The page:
Vanilluxe (Noble Victories NVI 29) – Card of the Day

I’m sure if you looked at a different card game, you wouldn’t find a creature that looks like it came from an ice cream vendor.

Meet Vanilluxe.

Actually, let’s meet his pre-evolutions first. Vanillite has a slightly shaky 50 HP, and a mediocre retreat of 1. Icicle Barb isn’t terrible for a Common NFE (Not Fully Evolved), as it could do 20 for 1 energy. If you are running this with FlipTini (more on that later), and you already have a Victini out, you are more likely to do that 20 damage, which is nice for this Commoner. Vanillish, the next step in the evolution line, has a slightly bad 80 HP and an annoying retreat of 2. What is interesting is that this Pokémon basically has weaker versions of Vanilluxe’s attacks.

Now for the 130-pound ice cream thing himself. 130 HP is merely average for a Stage 2. The requirement for retreating this Pokémon isn’t too bad, considering it is a Stage 2 with average HP. Metal weakness is currently pretty good in the metagame, as ReshiPlosion seems to be keeping Cobalion at bay…for now. Water typing is excellent in this metagame, due to all of the Fire types being played.

Double Freeze is the main reason that this card is getting some hype. It allows you to flip two coins, doing 40 damage for each heads. If you get lucky, you are doing 80 damage for two energy, which is great, but not incredible. Additionally, however, if you just get one of the coin flips heads, the Defending Pokémon is stuck in the Active Spot (unless your opponent plays a Switch or Full Heal) and cannot attack.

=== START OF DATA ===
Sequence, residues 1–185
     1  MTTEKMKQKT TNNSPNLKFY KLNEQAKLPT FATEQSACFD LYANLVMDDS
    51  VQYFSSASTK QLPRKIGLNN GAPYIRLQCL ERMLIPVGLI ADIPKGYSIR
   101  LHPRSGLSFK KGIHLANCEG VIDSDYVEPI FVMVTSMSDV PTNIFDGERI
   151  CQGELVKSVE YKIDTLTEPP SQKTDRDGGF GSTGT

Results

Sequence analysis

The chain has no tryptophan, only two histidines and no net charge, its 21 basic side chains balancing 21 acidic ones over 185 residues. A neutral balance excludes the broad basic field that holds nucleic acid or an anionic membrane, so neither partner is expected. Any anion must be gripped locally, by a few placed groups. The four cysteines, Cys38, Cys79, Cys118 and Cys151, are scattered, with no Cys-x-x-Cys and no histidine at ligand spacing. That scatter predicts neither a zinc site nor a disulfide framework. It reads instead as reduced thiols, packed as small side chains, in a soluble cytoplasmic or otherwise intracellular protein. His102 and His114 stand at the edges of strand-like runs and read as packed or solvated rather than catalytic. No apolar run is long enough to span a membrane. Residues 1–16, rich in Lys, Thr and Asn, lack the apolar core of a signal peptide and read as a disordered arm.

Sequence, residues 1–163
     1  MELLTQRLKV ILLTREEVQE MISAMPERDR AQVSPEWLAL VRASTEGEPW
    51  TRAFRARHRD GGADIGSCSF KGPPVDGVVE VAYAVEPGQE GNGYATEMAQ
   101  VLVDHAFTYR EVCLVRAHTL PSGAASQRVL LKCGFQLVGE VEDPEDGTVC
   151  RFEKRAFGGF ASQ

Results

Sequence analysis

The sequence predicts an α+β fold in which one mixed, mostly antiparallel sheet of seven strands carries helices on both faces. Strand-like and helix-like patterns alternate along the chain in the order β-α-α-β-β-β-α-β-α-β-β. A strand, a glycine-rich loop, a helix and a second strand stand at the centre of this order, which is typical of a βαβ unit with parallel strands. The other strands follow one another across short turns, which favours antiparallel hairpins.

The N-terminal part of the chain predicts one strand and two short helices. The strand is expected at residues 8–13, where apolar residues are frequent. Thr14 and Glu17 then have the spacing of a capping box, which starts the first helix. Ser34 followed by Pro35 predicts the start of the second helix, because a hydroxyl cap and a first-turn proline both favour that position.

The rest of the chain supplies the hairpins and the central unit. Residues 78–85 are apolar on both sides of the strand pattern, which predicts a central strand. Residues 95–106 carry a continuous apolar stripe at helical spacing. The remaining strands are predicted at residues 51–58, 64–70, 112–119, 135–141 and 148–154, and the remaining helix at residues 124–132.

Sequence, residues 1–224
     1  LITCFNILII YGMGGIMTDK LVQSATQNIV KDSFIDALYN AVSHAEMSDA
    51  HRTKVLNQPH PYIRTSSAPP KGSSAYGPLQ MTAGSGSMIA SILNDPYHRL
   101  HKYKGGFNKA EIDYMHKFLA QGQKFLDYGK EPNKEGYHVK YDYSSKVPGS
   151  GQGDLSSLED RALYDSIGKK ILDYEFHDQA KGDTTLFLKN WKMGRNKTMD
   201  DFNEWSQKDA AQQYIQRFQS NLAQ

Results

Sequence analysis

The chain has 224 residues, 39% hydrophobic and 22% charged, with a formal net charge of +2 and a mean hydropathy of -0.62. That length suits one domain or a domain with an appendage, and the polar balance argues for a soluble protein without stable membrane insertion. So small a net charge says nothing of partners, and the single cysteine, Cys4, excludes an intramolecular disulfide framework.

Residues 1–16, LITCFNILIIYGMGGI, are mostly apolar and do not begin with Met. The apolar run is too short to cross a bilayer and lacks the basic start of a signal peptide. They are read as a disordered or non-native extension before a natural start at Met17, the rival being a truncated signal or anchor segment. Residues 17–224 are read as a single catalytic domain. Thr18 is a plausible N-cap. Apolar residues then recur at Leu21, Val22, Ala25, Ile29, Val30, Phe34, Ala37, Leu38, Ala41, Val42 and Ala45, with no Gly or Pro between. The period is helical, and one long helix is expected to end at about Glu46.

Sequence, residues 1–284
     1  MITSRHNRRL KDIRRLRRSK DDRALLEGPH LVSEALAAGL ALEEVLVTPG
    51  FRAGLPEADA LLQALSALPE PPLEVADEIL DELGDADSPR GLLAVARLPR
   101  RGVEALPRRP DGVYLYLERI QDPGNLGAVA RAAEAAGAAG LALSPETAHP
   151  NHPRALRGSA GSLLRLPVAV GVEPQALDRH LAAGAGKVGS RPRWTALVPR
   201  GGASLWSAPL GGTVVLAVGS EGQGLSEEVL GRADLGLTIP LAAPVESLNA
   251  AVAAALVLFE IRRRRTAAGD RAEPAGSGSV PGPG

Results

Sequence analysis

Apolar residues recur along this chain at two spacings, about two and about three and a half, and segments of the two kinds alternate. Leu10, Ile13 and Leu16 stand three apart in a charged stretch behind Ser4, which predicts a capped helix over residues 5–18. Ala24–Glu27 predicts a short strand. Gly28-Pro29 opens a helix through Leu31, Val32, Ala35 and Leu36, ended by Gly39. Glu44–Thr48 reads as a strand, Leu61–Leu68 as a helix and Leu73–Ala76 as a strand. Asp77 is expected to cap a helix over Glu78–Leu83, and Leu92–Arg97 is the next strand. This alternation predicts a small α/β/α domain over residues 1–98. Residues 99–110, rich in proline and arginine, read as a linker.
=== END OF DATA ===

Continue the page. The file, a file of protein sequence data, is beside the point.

With FlipTini, who allows you to re-flip coins from attacks, it is actually quite likely that you will hit one heads, and you may occasionally hit two. Essentially, you are flipping four coins, and if any of them are heads, the Defending Pokémon becomes Paralyzed and takes at least 40 damage. Frost Breath is actually a nifty companion to this attack, as it allows you to deal consistent damage if you don’t have FlipTini out or need to hit for 60 more than you need to Paralyze. The low damage output doesn’t matter too much since you are probably Paralyzing the Defending Pokémon anyway.

However, 40 damage still isn’t much, and your opponent may be able to set up a lot during that time. Vileplume may actually be a good partner for this card, in that case. Additionally, Vileplume can make it virtually impossible for your opponent to switch out their active Pokémon when it is Paralyzed. Nevertheless, remember that there is always the chance that Double Freeze will completely fail, which can leave you in a very bad situation.

The 130 HP means that your opponent will need to pull many strings to get the revenge KO. However, if Vanilluxe is already damaged, watch out. Generally, though, you should have time to charge up another Vanilluxe before your Active one is KO’d.

To sum it up:


– Vanillite works with FlipTini (and the average Vanilluxe deck’s strategy)

– Pretty good attacks

– Good typing

– Good Weakness

– Has something that other Pokémon can’t do better


– Cannot stand on its own very well

– Relies on coin flips

– Can 1HKO almost nothing

I honestly don’t know why they made a Pokémon that looks like its owner would be more likely to eat it than raise it, but they made that Pokémon reasonably powerful. Out of the cards that rely on coin flips, this is one of the better ones. I’m going to give it a 7.5/10 or Quite Good. This card may be reasonably popular in rogue decks. Some of you may rank this card 1 or 2 more/less points.

I’m not sure if others do the ratings differently, but here are cards that are roughly comparable to their ratings alongside a statement for each rating, in accordance with my rating system: